Jordan battles with Syria refugee crisis

AMMAN, Jordan, Sept. 18 (UPI) -- The ever-growing flood of refugees from war-torn Syria into neighboring Jordan is imposing greater pressure on the resource-poor kingdom's economy, heightening political unrest that could threaten the Hashemite throne, a key U.S. ally in the Middle East.

Refugees are also pouring into Iraq, Lebanon and Turkey as the 18-month-old civil war in Syria grinds on and seems to be becoming more intense.


But Jordan, with few natural resources and dependent on foreign aid to keep going in the best of times, is facing the greatest burden at a time when it's already grappling with severe shortages of water and electricity.

"The situation in Jordan is emblematic of what is happening in the region and the strain that is being placed on authorities," the Middle East Economic Digest observed.

The United Nations says 234,368 Syrians had registered as refugees or are awaiting registration as of Sept. 2.


"When you do the math, it's quite an astonishing number," Melissa Fleming, spokeswoman for the U.N. High Commissioner for Refugees, said Sept. 4 in Geneva.

The pan-Arab daily Al-Hayat recently quoted a confidential Jordanian government analysis as warning that as many as 1 million Syrians could eventually cross into Jordan, which would require some 20 refugee camps to be built.

The U.N. refugee agency said 100,000 refugees fled in August, the highest monthly total since the Syrian conflict erupted March 15, 2011, with a pro-democracy uprising against the brutal regime of President Bashar Assad.

Jordan says it's taken in 183,000 refugees but there's no sign of a slowdown in the flood of fleeing Syrians. Turkey says it has more than 80,000 and the U.N. forecasts that could swell to as many as 200,000. Lebanon has an estimated 59,000 and Iraq nearly 20,000 and the numbers are growing daily.

The strains of the refugee influx into Jordan are causing political jitters in the kingdom established by Britain after World War I as a reward for the Hashemites of what is now Saudi Arabia for leading the Arab revolt against the Ottoman Empire.

Through some adroit political footwork and repeated promises of reform, King Abdullah II had managed to avoid the worst excesses of the wave of pro-democracy uprisings that broke out across the Arab world in early 2011.


But the Syrian crisis, and the tremors it's causing in the kingdom, has intensified demands by the Islamist-led opposition parties for sweeping political and economic changes.

Tempers are growing increasingly short at the pace of reform pledged by Abdullah, who appears loath to surrender royal powers by widening an electoral process that to a large extent is controlled by the Hashemite intelligence apparatus.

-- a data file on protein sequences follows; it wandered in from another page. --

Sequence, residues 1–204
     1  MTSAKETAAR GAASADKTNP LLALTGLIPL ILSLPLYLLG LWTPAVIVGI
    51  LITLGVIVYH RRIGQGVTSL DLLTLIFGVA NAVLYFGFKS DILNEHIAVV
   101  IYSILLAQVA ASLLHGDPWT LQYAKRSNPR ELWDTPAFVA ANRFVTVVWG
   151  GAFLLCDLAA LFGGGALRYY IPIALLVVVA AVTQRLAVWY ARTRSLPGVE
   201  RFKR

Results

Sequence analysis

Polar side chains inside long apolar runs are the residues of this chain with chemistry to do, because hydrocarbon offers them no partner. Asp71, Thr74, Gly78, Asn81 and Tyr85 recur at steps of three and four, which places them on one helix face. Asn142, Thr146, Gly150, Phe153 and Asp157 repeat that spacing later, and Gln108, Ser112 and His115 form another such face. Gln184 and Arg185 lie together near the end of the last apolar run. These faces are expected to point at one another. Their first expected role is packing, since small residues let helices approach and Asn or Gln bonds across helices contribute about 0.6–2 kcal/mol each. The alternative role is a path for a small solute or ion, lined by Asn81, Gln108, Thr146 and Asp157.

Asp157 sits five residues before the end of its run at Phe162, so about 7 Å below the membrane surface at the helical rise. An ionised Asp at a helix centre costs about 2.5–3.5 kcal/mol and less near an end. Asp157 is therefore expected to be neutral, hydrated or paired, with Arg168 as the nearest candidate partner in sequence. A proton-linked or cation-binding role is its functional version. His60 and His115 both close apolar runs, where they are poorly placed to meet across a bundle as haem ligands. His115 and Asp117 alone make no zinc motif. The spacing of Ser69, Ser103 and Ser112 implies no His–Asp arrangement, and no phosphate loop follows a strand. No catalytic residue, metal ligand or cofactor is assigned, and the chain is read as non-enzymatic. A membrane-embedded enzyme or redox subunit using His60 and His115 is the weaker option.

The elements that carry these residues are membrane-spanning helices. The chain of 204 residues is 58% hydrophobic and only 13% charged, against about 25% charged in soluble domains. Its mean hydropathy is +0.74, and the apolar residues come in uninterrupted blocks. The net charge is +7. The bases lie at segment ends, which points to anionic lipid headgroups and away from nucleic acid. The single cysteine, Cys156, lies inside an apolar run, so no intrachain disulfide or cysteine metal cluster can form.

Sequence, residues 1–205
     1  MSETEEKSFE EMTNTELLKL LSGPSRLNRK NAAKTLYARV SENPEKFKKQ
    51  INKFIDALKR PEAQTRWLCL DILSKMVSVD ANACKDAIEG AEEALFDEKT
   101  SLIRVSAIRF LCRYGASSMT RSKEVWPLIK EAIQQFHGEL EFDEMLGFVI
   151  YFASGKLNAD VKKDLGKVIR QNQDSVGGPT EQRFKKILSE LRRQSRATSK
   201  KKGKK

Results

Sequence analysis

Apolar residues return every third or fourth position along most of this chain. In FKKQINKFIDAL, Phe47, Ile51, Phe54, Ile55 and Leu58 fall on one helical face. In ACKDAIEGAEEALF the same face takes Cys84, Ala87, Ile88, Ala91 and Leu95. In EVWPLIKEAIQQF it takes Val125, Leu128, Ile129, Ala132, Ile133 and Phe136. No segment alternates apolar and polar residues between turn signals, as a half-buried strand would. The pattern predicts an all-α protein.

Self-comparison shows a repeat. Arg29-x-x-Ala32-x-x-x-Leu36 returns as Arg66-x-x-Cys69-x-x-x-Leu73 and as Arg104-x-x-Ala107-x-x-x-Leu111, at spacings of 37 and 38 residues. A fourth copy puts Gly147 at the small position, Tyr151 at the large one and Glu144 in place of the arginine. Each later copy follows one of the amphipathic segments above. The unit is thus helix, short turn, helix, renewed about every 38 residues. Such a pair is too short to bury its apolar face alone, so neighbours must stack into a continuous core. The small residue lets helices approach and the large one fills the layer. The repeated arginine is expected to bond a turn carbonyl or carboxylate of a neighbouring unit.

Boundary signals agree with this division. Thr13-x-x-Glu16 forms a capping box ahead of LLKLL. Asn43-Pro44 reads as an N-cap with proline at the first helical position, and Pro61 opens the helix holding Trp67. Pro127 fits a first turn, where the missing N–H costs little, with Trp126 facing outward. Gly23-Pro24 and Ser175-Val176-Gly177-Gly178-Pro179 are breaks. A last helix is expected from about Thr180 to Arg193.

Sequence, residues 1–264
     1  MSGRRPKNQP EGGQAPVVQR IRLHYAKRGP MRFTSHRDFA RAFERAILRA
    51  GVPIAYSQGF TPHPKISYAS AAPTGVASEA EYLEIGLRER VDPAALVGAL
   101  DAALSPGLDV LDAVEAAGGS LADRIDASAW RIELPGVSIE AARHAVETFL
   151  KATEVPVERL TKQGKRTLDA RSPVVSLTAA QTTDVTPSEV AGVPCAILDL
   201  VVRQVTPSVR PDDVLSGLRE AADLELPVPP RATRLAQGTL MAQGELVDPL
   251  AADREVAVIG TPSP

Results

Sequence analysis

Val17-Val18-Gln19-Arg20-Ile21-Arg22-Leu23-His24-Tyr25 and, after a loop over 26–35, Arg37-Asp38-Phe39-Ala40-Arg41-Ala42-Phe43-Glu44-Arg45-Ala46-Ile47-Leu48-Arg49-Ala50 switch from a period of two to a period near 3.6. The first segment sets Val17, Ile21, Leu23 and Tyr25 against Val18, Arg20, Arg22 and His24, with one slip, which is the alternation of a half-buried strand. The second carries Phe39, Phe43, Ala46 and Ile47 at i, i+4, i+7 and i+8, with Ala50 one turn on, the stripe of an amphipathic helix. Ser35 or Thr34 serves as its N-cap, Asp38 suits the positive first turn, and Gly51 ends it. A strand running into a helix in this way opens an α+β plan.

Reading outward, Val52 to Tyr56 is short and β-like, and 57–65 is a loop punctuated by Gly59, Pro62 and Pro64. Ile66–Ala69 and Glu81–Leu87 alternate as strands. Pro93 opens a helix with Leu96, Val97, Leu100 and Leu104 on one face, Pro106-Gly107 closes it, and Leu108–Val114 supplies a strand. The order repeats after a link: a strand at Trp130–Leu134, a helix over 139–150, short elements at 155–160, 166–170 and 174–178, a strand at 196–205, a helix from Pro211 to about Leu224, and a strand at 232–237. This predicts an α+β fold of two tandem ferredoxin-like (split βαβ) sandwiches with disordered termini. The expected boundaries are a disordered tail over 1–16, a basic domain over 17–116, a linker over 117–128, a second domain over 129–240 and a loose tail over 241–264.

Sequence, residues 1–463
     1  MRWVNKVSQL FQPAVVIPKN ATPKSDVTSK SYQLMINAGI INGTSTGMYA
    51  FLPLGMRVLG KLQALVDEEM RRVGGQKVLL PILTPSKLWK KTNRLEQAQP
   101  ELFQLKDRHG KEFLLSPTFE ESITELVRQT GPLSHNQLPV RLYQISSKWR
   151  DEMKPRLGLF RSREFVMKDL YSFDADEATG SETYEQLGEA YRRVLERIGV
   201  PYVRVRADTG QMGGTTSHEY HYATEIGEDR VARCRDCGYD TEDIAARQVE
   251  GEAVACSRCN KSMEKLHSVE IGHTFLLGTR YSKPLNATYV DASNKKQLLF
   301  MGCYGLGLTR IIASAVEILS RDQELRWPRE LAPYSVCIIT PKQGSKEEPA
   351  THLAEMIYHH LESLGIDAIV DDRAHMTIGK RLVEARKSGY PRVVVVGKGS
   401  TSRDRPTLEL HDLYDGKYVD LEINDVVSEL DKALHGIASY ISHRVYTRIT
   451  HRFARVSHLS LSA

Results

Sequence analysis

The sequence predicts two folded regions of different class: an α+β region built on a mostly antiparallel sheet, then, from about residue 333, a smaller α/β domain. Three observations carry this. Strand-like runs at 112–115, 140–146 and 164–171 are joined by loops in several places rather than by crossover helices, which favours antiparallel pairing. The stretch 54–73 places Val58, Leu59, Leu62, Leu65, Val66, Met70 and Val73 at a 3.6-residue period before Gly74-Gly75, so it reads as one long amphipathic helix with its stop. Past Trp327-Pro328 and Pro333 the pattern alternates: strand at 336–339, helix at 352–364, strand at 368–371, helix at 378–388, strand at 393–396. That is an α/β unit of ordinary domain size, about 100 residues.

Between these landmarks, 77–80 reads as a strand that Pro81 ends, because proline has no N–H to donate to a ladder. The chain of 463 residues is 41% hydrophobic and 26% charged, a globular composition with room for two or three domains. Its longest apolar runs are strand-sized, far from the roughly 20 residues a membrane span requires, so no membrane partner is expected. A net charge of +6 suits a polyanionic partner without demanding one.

Abdullah has changed governments four times since the so-called Arab Spring began in Tunisia in January 2011. Critics say that was to stall pledges to crack down on rampant official corruption and hand over much of the monarchy's political power to Parliament. In that time, Arab dictators have fallen in Tunisia, Egypt, Libya and Yemen.

Meantime, the influential Bedouin tribes who are the bedrock of Abdullah's support, as well as the all-pervasive security services, don't want to see reforms that would lessen their power.

Jordan's economy has been battered by the constant sabotage of a pipeline from Egypt that supplies cheap gas, forcing Amman to buy expensive heavy fuel.

Abdullah was buoyed in July by a $2 billion, 3-year aid package from the International Monetary Fund to help him weather the political turmoil sweeping the Middle East. But economists say the package falls far short of solving Jordan's long-term financial crisis and simply buys the king some time.


"The loans and aid are like putting cosmetics on a very sick person, while not doing anything about the person's fundamental illness," observed Jordanian economist Riad Khouri.

On Sept. 1, Abdullah ordered a 10 percent increase in gasoline prices, part of what the Financial Times called "a tortuous effort to reduce the state's chronic budget deficit by cutting subsidies for fuel, power, water and food staples."

That triggered widespread protests and a strongly worded resolution by Parliament opposing the freeze.

Two days later, the king rescinded the order. But his action has incensed the Islamic Action Front, the most vociferous of his critics, and moved a full-scale confrontation one step closer.

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